New Trends in Interior Design for ‘22
Curvy, cuddly, playful and cute: this is not your mother’s minimalism. Pierre Paulin relaxes his shapes in recline-friendly curves. The term neotenic design is gaining favor, but we are content to call it the joy of childhood. Setsu and Shinobu Ito suggest dumplings or maybe onigiri, while Yakusha Design’s Pampukh sofa recalls the fluffy pampushky pastry of her native Ukraine. Neotenic design invests furniture and décor with plump, friendly, teddy bear curves. Patricia Urquiola is leading the way into 2022 with her Pacific sofa and armchair for Moroso, evoking the relaxed and informal style of the California Coast.
James Beard-recognized chefs like Next’s Grant Achatz with designer Martin Kastner have been offering seasonal cuisine for years, changing their offerings cyclically or thematically. Interior designers are increasingly making environments to gratify our changing sensory needs: just as we yearn in autumn to capture the last ray of an afternoon’s sunlight, the onset of winter calls for the warmth of a snuggly textile, and in summer we welcome the soft white sounds of water. Design need not be one-and-done – designers are reaching out to their clients with ideas to renew and refresh their interiors with each seasonal transition.
Many patterns of biophilic design recognize the health and well-being we gain from perceptual variety, playing on natural light, sound, and subtle changes in temperature and the gentle flow of air that we associate with out-of-doors. Designers provide for these needs by bringing nature inside with green walls and natural materials like wood and natural fibers, going further this year to create blended indoor-outdoor environments. The post-pandemic workplace will draw on our rediscovery of exterior architectural classics like the pergola and the veranda. The choice to work anywhere will be supported by mobile power solutions and elegant updates of the classic picnic table.
We are reminded design is social every time the party gravitates to the kitchen. Modern kitchen design boosts the spatial and functional power of this room, but the new trend links the kitchen thematically to other living spaces. Color extends spatial continuity and underscores established themes. Recycled materials such as repurposed wood frame the spatial volumes and connect daily patterns of cooking to longer ecosystem cycles.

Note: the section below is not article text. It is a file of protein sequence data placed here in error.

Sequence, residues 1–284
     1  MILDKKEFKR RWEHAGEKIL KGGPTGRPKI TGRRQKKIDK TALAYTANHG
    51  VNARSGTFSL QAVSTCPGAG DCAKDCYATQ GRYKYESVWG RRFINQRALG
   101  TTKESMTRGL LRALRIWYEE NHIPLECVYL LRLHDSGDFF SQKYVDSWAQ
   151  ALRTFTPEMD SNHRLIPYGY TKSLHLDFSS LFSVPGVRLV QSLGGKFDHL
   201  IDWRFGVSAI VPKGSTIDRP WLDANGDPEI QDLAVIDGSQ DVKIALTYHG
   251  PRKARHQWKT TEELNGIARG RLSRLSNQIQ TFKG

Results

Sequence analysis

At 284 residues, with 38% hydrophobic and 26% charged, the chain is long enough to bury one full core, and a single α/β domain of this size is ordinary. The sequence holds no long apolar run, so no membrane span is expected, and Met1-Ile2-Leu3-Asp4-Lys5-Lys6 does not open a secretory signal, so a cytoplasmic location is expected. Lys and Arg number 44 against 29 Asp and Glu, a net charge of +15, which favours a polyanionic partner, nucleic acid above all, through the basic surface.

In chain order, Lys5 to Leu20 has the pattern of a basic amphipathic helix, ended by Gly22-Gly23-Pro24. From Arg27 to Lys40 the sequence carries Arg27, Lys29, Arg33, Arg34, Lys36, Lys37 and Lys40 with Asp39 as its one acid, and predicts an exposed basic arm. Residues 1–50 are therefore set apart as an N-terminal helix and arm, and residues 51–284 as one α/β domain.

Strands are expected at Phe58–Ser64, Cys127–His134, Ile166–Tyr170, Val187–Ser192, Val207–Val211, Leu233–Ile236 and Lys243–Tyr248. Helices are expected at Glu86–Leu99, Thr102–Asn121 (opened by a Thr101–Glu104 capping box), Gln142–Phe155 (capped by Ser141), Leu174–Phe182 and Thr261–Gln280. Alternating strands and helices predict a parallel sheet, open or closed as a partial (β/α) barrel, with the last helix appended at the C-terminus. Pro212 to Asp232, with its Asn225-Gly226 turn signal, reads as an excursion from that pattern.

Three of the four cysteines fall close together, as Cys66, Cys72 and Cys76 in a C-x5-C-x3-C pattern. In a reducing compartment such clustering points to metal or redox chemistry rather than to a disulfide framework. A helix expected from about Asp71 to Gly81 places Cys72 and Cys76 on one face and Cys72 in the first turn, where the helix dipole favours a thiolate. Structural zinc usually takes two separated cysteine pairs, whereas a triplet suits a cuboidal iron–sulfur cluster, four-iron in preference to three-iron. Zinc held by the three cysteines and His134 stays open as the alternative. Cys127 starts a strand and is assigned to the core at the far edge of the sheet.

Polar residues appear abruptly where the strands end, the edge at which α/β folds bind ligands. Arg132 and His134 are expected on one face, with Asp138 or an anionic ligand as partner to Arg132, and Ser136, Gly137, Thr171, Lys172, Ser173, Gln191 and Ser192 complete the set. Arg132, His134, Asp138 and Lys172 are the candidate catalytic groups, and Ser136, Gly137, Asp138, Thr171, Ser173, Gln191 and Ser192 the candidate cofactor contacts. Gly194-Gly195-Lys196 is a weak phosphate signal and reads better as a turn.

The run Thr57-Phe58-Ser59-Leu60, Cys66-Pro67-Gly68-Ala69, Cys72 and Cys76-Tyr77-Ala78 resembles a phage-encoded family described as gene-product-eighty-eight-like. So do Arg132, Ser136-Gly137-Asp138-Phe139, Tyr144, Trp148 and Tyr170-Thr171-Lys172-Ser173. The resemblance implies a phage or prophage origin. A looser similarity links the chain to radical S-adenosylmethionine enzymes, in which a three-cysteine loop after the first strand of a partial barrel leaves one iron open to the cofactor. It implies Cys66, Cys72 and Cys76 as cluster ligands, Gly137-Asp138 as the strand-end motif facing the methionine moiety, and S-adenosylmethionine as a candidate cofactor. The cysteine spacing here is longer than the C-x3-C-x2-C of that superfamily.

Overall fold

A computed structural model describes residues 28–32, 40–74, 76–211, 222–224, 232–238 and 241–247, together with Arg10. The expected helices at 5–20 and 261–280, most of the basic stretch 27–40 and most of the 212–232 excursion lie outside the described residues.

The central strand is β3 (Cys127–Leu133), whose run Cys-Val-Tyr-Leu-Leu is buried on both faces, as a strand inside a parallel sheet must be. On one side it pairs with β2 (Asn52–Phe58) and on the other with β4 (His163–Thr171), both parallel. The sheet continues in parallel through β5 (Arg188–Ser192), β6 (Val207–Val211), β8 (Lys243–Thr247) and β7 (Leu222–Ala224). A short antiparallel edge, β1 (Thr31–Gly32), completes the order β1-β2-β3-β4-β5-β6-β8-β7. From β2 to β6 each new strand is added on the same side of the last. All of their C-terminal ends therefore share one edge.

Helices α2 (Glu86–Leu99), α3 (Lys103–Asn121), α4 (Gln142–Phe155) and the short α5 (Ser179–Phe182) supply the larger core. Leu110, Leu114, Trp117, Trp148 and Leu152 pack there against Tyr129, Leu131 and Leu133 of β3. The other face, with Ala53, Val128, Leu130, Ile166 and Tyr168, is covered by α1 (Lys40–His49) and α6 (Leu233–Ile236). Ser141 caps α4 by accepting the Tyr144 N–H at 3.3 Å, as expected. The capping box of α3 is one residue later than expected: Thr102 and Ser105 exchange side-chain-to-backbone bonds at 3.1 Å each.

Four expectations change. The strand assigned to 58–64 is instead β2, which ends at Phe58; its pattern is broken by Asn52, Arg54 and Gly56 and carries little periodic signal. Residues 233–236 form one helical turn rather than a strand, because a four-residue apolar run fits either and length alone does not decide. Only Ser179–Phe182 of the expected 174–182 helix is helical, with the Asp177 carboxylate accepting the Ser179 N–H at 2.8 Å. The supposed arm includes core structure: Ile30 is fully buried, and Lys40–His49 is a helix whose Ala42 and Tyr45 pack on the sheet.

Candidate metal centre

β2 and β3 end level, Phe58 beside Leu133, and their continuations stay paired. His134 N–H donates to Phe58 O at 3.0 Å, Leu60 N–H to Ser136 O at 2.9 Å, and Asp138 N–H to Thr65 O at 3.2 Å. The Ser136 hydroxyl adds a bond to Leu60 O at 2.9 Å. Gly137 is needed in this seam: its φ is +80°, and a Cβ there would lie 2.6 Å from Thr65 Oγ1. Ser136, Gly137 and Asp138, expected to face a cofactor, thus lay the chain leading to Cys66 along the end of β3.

We want the bath chamber to be a restful, calming retreat – these attributes define luxury more fundamentally than materials or fixtures, the usual focus in bathroom design. Moving forward, designers will advocate strongly for the thing that is often denied in the bathing experience: space. Human-centered design means granting the body room to move, to back up, and to unburden, free from enclosing walls and objects. Interior designers will look for space to add to the bathroom, resisting the impulse of ‘efficiency.’ And as the bathroom grows to expand its share of the home’s footprint, minimalism, not of size but of sensory comfort, will direct this trend. The design challenge, once the spatial volume is comfortable, will be one of subtraction. Can the bathroom provide a view, and extend the space to nature? If not, can materials be controlled, by limiting their number and points of adjacency, through selection of large-format stone or tile dimensions and refinement of transitions?
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Design Institute of San Diego
Design Institute of San Diego offers a Bachelor of Fine Arts (BFA) in Interior Design Degree Program and a Master of Interior Design (MID) in two and three-year tracks. You’ll learn from faculty of practicing interior designers from day one – and get to experience the profession first-hand as an “extern” at an interior design firm. With a degree from Design Institute of San Diego, you’ll be prepared for a rewarding career in interior design. Learn more.
1 (left) “Pierre Paulin Centre Pompidou” by .marc carpentier is licensed under CC BY 2.0
1 (right) Brioschi54, CC BY-SA 4.0 <https://creativecommons.org/licenses/by-sa/4.0>, via Wikimedia Commons
2 “Corner” by byLorena.com is licensed under CC BY-ND 2.0
3 “KETTAL_VIEQUES_URQUIOLA” by F E L I C E S Communicology & PR is licensed under CC BY-ND 2.0
4 “Sustainable Kitchen – Recycled Wood Flooring and Ceiling” by Jeremy Levine Design is licensed under CC BY 2.0
5 (left) “interiors” by tommerton2010 is licensed under CC BY 2.0
5 (right) “luxury-bathroom-design-axor-8-554×312” by home space is licensed under CC BY-SA 2.0